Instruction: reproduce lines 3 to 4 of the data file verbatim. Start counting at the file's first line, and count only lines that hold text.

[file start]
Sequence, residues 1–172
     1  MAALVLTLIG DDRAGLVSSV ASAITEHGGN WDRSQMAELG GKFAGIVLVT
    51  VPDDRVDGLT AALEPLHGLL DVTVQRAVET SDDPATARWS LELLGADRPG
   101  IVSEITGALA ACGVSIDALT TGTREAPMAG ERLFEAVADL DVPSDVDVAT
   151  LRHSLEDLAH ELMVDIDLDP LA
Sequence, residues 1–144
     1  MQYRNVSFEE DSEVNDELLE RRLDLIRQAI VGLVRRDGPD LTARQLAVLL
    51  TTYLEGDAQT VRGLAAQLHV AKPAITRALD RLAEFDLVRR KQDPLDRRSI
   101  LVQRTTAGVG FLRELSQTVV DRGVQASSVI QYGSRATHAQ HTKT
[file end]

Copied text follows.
    51  VPDDRVDGLT AALEPLHGLL DVTVQRAVET SDDPATARWS LELLGADRPG
   101  IVSEITGALA ACGVSIDALT TGTREAPMAG ERLFEAVADL DVPSDVDVAT